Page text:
Whether you are an amateur athlete training for your first triathlon or a elite level athlete looking for an edge. Many people often ask me how sport psychology actually helps an athlete. Here are some of the basic things I can teach you to help you improve your performance in practice and competition.
Relax – anxiety is a double edge sword, it is natural and can enhance performance to a degree but it is often the reason that athletes choke during competitive situations. Overstimulation can often cause stress and confusion for athletes. Here is your first challenge: 3x a week devote 20 minutes to listening to relaxing rhythmic music. You must do this in an environment free of distractions. Listen to whatever you like (gospel, jazz, instrumentals, opera, etc.) but focus on the rhythm and your breathing.
Set a daily goal – prioritize, set specific, attainable goals for each day. Write them down or verbalize them to someone. Accomplish these goals before you take time to relax. These goals should challenge you but not task saturate you. Effective goal setting is a process that builds on daily goals which compound to weekly, monthly, and yearly progress. For example, if you are training for your first Brazilian jujitsu tournament break your training goals into daily sessions. Focus on positions, escapes, or submissions that allow you to enjoy your training while progressively preparing you for the rigors of competing.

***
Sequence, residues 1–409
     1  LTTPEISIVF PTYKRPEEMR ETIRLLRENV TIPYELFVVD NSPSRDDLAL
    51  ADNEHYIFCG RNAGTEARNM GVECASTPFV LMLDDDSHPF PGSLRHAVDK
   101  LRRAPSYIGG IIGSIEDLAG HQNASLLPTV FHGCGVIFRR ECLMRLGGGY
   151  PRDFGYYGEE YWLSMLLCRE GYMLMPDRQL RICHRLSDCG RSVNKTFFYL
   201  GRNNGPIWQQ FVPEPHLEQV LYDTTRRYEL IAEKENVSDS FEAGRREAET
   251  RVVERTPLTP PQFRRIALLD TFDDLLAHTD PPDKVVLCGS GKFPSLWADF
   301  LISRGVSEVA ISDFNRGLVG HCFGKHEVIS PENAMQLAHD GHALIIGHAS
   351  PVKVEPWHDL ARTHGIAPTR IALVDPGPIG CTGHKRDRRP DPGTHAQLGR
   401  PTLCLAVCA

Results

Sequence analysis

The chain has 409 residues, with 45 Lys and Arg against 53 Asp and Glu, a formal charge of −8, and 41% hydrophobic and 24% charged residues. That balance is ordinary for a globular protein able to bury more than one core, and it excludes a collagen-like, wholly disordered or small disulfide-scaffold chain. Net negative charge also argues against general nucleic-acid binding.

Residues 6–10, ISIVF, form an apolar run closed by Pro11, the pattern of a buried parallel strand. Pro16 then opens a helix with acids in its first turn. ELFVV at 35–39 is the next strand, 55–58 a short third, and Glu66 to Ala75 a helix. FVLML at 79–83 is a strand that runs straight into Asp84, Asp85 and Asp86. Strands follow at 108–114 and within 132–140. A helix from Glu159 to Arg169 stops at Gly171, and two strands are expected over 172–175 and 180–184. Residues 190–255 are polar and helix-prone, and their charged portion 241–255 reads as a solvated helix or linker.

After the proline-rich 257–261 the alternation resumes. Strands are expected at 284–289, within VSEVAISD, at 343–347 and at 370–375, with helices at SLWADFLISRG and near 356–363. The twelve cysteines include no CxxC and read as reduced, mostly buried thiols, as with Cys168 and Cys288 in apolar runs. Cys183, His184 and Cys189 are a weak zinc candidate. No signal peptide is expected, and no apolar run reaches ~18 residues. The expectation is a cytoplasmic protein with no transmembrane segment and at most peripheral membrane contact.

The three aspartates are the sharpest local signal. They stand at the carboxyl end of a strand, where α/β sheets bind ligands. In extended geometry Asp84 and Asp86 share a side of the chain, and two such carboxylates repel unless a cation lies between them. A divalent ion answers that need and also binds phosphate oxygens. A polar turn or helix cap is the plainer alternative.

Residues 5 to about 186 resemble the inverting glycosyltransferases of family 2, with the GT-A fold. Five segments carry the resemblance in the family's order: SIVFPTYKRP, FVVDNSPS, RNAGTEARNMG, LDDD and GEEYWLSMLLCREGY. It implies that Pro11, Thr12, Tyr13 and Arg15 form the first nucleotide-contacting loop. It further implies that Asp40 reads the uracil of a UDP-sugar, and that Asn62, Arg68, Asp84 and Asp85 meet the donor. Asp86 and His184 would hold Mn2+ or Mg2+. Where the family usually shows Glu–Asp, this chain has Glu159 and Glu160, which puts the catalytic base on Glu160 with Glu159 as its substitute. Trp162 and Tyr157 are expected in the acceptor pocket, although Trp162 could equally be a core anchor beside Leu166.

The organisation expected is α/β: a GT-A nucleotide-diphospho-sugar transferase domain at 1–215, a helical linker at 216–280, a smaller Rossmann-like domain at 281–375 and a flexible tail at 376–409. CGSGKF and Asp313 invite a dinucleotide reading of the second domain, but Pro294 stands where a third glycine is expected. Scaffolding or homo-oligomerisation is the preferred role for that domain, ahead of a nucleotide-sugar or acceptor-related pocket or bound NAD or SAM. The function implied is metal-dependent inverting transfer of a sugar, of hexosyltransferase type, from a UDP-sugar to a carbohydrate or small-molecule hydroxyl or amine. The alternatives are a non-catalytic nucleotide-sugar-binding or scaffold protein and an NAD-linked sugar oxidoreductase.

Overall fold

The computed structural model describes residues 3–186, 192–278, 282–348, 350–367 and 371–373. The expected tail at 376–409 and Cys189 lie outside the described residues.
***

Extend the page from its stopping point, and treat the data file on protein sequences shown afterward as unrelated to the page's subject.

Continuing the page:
Establish a routine – everyone has a routine, what’s yours? Brushing your teeth before you eat breakfast, reading the paper before you leave for work, a cup of coffee before you leave the house. You have a routine, now you need to establish one for training and competition. Keep it simple and specific. For example, if you are a soccer player maybe you warm up by dribbling while reciting the phrase play loose, focus on warming your body up while also warming your mind up with positive self-talk.
Tory Robinson, MS, CSCS, USAW-1
Bio: I am a graduate of Capella University with a masters degree in sport psychology. I am also a certified strength and conditioning specialist through the National Strength and Conditioning Association (NSCA) and USA Weightlifting. My aim is to enhance my client’s performance in all areas of life and encourage the adoption and maintenance of healthy lifestyle behaviors for total health and well-being. I work with adolescents and adults, from the non-exerciser to the elite athlete, on a wide variety of performance and health-related topics.